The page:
Just discovered Project Chirp! when I went to the Civic Garden Centre the other day. The Garden Centre store was closed, alas – I had been hoping for some inspiring garden browsing on a cold January day – but the library was open, as well as the brochure stand, which was full of info. I picked up a Canada Blooms info sheet: It’s coming up March 18-22. Tickets at www.canadablooms.com and at Sobey’s stores. Adults:$18 Senior/Student:$16
I also picked up a brochure about Project Chirp, an organization founded by Christina Sharma,
a volunteer educator with the Canadian Wildlife Federation. Project Chirp is
a songbird conservation initiative in which the survival needs of songbirds are met through the creation of Canadian Wildlife Federation-certified songbird habitats on residential properties.
With 80% of the land in the Greater Toronto Area being privately owned, the potential exists to enrich these properties for the benefit of individuals and songbirds alike.
I’ve been trying to lure birds to my second story bird feeders this winter with, so far, mixed success. I’ve got squirrels out the yin-yang, but bird sitings are, as yet, sporadic. I’ve seen at least one bluejay, one woodpecker, one cardinal and several purple finches. However, they may be coming around when I’m not looking, as the feed is going down a bit.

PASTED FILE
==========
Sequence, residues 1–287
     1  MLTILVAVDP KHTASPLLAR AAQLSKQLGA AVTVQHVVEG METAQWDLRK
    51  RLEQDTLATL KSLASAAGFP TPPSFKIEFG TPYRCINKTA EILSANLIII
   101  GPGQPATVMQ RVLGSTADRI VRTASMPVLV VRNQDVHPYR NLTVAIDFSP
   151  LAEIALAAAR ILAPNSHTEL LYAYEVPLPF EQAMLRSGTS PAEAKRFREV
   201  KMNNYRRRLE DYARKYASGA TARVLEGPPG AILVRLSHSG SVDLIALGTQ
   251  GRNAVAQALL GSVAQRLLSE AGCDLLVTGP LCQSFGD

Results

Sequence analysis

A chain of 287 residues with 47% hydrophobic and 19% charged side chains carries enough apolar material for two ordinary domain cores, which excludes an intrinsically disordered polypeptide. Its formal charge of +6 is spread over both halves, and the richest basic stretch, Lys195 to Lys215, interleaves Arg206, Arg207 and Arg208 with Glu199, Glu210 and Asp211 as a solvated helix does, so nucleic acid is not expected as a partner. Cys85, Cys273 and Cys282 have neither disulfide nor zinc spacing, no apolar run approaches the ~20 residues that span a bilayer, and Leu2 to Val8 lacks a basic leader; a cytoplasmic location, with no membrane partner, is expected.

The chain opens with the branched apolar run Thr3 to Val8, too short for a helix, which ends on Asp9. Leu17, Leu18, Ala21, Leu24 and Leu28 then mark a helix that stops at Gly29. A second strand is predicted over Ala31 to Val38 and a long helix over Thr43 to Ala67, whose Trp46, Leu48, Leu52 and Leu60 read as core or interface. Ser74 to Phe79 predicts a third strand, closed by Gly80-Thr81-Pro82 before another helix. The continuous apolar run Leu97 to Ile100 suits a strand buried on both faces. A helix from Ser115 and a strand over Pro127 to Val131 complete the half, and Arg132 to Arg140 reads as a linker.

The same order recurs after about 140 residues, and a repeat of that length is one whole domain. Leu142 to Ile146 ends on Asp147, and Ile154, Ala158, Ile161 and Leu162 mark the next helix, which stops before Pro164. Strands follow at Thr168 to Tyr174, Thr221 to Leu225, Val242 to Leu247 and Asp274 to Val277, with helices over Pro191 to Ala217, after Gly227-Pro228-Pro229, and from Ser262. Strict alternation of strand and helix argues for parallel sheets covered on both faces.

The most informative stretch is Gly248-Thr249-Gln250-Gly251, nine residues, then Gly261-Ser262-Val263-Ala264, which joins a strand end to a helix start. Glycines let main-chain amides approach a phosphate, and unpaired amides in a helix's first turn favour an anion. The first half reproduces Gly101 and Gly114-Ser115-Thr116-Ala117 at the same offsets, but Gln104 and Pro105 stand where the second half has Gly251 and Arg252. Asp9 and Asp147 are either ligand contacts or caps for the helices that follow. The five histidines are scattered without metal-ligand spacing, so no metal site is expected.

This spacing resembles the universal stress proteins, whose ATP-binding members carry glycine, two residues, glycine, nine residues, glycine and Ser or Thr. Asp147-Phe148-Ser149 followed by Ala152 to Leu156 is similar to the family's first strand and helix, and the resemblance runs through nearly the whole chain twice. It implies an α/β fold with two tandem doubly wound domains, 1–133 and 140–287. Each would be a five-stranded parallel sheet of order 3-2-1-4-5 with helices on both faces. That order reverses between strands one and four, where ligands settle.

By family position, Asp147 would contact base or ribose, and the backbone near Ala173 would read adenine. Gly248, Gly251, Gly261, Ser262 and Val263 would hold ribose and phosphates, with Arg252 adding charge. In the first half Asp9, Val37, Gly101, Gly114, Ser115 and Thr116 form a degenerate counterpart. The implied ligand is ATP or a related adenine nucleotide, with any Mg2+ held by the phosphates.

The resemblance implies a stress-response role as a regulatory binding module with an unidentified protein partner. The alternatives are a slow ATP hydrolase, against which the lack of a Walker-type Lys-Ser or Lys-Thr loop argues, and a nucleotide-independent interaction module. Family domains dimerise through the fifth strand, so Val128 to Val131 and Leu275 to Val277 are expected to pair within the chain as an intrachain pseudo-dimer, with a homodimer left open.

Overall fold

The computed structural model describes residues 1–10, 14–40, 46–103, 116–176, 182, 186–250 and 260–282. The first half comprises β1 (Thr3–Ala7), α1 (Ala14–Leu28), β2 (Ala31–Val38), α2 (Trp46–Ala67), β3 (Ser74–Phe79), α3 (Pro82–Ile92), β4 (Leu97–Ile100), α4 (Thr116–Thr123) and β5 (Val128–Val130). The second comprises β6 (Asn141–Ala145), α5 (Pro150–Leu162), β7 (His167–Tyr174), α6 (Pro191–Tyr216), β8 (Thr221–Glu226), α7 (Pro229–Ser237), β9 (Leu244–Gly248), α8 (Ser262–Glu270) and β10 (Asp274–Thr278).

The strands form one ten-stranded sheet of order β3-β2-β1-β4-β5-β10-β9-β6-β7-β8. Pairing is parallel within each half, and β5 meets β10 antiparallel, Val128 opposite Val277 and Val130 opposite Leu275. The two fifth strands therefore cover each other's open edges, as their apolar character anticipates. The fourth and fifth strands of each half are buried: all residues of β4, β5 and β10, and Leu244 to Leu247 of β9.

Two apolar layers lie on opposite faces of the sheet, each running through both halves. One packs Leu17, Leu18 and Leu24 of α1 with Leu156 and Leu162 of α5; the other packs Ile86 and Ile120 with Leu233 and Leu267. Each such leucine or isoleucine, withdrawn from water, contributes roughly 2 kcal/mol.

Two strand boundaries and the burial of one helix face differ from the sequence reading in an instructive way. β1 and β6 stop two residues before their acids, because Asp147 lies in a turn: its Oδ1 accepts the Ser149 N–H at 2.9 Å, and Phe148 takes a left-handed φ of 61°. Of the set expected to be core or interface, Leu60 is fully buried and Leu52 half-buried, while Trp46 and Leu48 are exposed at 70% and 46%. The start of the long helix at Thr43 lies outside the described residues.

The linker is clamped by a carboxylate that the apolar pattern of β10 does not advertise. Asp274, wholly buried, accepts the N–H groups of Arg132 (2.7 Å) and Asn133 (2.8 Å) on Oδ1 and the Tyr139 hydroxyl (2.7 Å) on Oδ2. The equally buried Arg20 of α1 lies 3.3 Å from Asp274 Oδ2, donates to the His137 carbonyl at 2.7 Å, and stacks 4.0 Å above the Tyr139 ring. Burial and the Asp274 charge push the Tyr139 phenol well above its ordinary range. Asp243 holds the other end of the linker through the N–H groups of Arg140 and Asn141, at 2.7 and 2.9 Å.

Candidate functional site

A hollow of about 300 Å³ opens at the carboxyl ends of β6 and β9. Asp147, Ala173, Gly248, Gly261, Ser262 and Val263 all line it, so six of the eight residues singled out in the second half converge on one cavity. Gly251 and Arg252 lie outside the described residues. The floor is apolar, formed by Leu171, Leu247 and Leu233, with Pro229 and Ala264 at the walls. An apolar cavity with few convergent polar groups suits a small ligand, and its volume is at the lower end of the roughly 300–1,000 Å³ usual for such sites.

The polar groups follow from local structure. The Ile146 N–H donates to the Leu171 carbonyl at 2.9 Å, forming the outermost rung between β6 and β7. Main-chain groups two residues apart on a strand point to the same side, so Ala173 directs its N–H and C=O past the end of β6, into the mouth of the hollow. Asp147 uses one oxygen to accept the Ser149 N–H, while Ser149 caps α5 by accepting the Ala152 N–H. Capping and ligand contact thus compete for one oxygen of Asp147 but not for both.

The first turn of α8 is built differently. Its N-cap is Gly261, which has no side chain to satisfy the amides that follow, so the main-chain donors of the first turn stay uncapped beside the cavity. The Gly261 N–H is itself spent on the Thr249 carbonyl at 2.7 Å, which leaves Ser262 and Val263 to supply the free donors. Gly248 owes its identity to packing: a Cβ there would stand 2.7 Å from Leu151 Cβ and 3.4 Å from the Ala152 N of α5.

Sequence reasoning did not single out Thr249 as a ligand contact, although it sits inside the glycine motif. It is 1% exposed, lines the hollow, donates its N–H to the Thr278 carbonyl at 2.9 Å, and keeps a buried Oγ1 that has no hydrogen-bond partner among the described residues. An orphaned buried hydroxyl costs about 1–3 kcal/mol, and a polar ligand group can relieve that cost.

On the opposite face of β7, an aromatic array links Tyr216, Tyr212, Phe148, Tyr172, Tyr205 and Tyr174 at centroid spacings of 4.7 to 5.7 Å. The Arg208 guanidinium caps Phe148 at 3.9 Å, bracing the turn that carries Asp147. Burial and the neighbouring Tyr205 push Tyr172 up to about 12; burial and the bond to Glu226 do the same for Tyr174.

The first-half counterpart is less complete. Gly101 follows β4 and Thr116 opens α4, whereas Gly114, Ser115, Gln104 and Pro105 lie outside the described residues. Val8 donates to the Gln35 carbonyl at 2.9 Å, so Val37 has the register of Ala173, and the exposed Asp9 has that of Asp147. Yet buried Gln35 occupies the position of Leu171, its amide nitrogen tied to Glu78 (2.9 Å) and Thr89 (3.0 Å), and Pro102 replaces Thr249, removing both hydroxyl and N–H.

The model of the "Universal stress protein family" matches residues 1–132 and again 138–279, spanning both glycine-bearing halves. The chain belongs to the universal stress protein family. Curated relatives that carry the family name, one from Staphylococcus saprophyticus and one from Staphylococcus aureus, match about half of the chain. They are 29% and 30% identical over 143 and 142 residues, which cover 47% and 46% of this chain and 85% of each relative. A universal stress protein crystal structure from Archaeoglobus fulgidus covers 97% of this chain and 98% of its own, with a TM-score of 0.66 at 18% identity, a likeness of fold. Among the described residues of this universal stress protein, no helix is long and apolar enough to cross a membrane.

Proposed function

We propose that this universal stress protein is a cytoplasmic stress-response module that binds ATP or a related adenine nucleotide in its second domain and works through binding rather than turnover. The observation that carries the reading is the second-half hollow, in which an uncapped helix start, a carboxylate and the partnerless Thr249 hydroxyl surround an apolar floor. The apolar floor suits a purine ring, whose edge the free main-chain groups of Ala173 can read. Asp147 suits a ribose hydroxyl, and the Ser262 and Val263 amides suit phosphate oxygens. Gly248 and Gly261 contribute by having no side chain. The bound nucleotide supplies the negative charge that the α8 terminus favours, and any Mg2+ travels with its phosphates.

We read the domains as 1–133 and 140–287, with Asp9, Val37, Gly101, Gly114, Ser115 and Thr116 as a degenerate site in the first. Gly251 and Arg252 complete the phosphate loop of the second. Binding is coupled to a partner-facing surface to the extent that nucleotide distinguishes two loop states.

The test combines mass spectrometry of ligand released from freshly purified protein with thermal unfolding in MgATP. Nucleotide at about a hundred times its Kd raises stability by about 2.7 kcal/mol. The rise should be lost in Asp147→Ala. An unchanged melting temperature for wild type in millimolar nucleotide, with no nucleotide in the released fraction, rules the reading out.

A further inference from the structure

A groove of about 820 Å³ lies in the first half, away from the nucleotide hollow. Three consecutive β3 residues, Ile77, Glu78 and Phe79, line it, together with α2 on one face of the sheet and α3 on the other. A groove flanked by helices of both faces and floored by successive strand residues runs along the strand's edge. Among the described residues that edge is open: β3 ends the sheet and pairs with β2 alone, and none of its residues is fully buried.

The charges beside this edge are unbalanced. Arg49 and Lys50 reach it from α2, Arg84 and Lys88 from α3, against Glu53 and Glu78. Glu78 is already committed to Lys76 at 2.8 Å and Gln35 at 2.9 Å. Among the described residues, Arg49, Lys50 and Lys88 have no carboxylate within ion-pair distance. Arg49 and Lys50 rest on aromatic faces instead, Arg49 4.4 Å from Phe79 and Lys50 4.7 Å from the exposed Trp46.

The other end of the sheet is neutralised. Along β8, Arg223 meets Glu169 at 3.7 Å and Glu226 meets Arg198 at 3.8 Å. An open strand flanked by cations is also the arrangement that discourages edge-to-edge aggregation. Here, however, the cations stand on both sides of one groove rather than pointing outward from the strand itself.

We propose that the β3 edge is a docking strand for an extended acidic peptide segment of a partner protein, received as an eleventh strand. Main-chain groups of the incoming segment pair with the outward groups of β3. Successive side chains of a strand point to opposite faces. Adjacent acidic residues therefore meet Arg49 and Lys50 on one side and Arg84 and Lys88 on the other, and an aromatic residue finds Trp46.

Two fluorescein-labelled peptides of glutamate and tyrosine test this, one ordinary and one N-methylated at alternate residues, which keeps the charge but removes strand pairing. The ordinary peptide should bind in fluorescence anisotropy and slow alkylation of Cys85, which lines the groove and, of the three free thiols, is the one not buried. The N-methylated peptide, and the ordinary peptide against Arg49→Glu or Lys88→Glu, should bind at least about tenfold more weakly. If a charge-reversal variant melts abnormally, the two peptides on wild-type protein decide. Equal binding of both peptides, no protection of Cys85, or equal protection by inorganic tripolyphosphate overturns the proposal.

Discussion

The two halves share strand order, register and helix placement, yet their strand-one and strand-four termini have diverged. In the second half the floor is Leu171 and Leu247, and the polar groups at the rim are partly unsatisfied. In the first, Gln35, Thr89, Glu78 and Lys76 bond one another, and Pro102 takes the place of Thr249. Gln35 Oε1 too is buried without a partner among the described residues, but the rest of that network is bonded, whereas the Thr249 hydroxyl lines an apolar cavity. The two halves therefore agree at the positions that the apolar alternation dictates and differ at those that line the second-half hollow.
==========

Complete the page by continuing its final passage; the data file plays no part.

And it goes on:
There have been some interesting gymnastics with the squirrels trying to get into my spiral bird feeder, mostly they involve hanging upside down, with little arms flailing around. I have to admit, a squirrel hanging upside down is almost cute.
To make my deck a bit more interesting for the birds, I nabbed a “pre-owned” Christmas tree from the front of someone’s house a few weeks ago. Yes, I did feel a bit stupid stuffing it into the back of my car, then hauling it out and up the stairs and through my apartment, but it’s made a big difference in the landscape out my kitchen door. It actually looks Christmassy – especially today with the snow on it – and definitely more bird-habitat-y. So it was heartening to see that there is a program already to encourage people to bird-up their back and front yards. Everyone could be doing a little bit to make the disappearing habitats of songbirds come back a little bit in the city.
Project Chirp’s Christina Sharma writes:
Did you know that Toronto lies on a major migratory route for songbirds? Every night, during spring and fall migration, billions of songbirds fly in the dead of night right through the city of Toronto! Come dawn, they are exhausted, hungry, and thirsty. They need a safe place to land.
Check out Project Chirp here.